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He hasn’t aged well, but his apparent frailty only serves to make him more frightening. If you had sat me in this bleak interview room in front of some hulk-like man, it would have been less intimidating than being surveyed by this particular brand of piercing leer. I try to push the words “Unnatural” and “Evil” out of my head. Beneath the wrinkled skin is a mind that would take pleasure in my destruction, whether physical or emotional. Maybe he prefers the latter, and that’s why he saved me.
“You look less like a librarian than I thought you would, especially after the moth line. Tell me, is that how you deal with men normally? Keep the expectations low?”
I ignore his bait, as I ignored the sorry-looking flower head. I had questions lined up, but I’ve already decided to pull out of the study as soon as I’m home. I’ll make up any excuse, or maybe even tell my supervisors the truth. I’m in trouble already. I may as well say what I want to say.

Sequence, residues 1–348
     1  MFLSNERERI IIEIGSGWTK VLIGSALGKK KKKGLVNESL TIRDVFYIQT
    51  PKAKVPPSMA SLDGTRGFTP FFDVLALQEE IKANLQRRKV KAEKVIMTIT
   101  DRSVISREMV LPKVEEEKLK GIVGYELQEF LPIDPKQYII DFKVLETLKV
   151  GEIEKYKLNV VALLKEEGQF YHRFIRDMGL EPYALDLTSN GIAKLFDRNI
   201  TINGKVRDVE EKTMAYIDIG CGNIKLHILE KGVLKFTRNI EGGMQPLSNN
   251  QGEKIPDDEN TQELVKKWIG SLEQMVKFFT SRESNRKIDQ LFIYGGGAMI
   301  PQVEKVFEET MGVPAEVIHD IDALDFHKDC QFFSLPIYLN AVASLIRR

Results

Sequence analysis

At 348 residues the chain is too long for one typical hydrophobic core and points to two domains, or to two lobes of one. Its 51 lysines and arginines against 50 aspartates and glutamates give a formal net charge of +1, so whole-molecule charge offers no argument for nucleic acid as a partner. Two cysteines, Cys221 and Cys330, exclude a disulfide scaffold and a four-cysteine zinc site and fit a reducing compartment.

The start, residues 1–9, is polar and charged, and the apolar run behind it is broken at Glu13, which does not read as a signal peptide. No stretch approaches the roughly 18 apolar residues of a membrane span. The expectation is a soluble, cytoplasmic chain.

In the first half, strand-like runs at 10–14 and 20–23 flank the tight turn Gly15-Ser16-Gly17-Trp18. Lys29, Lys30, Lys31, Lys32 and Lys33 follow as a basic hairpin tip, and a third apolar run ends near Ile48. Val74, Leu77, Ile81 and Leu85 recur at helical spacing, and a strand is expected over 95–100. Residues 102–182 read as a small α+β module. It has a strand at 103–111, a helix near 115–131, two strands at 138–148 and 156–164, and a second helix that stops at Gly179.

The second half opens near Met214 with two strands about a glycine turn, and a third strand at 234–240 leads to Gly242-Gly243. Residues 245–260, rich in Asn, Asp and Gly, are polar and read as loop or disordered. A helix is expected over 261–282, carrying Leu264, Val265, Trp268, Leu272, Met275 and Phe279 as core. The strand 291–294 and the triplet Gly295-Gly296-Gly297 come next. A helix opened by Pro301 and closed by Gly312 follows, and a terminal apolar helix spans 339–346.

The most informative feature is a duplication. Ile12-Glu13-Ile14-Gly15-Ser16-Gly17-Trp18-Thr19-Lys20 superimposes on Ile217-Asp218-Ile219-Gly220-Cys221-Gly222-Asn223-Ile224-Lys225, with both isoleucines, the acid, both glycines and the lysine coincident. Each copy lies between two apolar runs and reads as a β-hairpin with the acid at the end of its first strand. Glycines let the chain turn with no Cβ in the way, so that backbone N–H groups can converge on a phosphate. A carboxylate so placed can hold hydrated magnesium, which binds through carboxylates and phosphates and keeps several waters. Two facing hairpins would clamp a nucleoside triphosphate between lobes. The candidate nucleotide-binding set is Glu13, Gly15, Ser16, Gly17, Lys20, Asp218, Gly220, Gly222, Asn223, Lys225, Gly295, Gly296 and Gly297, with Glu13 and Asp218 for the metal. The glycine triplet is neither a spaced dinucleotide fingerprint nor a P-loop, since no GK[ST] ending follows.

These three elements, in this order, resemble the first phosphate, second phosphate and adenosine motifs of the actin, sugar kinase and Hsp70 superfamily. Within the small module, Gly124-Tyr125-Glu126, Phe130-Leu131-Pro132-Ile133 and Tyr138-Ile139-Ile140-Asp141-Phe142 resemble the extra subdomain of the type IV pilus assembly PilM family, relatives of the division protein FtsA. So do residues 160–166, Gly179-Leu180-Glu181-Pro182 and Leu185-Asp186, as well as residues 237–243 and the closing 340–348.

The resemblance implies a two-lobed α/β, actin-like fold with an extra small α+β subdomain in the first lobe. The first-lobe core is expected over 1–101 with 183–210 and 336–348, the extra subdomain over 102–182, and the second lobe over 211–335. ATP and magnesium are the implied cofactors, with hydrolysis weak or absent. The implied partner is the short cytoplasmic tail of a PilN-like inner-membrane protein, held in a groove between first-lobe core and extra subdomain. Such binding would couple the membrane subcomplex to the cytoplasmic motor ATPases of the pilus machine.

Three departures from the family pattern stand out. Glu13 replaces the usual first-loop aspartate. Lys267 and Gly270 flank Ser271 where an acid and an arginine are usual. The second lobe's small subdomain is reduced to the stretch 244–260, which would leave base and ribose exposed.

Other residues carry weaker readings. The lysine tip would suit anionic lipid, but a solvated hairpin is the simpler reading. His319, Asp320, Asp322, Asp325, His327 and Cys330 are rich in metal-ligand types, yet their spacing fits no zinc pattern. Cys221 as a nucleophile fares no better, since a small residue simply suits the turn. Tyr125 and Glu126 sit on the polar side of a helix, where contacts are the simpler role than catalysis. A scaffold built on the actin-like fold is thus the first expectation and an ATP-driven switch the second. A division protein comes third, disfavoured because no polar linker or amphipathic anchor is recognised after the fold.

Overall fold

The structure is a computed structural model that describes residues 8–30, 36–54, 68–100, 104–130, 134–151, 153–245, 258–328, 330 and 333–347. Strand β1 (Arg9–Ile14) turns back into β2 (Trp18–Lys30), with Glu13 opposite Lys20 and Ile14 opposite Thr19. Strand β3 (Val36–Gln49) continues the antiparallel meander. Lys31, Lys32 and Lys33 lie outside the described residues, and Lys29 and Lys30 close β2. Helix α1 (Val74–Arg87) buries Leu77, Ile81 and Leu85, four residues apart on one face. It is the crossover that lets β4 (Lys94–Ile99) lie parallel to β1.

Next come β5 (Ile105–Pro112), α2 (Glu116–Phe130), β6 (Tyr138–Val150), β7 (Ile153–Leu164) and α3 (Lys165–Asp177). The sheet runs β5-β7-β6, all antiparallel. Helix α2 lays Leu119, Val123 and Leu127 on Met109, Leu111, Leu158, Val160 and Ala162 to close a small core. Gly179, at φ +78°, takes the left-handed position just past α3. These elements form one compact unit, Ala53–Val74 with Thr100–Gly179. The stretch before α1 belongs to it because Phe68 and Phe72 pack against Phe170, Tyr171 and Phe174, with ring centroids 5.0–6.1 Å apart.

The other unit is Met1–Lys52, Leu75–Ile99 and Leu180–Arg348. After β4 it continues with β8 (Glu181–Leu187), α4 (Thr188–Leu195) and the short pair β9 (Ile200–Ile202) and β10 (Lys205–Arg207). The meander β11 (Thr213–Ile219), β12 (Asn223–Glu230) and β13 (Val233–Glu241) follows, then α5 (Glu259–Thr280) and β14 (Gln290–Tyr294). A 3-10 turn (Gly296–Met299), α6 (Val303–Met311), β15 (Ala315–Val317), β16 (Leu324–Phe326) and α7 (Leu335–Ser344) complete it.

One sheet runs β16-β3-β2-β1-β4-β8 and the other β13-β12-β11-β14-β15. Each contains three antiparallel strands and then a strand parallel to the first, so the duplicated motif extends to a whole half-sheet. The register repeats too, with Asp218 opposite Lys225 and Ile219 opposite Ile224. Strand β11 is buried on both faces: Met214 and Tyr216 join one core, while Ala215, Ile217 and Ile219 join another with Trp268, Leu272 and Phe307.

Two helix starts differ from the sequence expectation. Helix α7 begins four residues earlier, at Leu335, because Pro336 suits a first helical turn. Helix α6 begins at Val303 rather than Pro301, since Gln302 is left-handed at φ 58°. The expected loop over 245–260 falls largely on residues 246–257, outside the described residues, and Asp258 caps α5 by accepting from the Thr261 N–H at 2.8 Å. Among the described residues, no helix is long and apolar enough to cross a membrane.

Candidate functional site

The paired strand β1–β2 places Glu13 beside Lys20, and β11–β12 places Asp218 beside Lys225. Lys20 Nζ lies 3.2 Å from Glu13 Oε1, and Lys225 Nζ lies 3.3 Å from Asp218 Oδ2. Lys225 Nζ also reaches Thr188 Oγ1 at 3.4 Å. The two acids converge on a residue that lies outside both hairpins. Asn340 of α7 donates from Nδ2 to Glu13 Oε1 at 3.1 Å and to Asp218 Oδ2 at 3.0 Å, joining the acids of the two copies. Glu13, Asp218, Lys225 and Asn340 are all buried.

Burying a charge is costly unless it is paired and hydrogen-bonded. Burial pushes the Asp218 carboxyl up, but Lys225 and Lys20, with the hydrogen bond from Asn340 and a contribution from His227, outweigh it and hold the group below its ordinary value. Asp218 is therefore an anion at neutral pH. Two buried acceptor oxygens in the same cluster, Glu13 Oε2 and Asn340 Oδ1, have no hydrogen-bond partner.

“I don’t think I’m special.” The words fall from my mouth, but my lips are so numb I don’t feel them. They’re so quiet I can barely hear them. His eyebrows draw together. “You keep saying that I want to know why I’m so special. I don’t. Whatever reasons you had for saving me, they would have applied to any child who was in my position. I’m not different.” I speak more loudly, but in a flat tone.
He smiles and there’s a moment when our eyes connect that I think I know he’s going to break me. Whether it’s through looks, or words, or physical violence, it doesn’t matter. I know that when I leave the room, he’ll have left his mark, something that will never go away.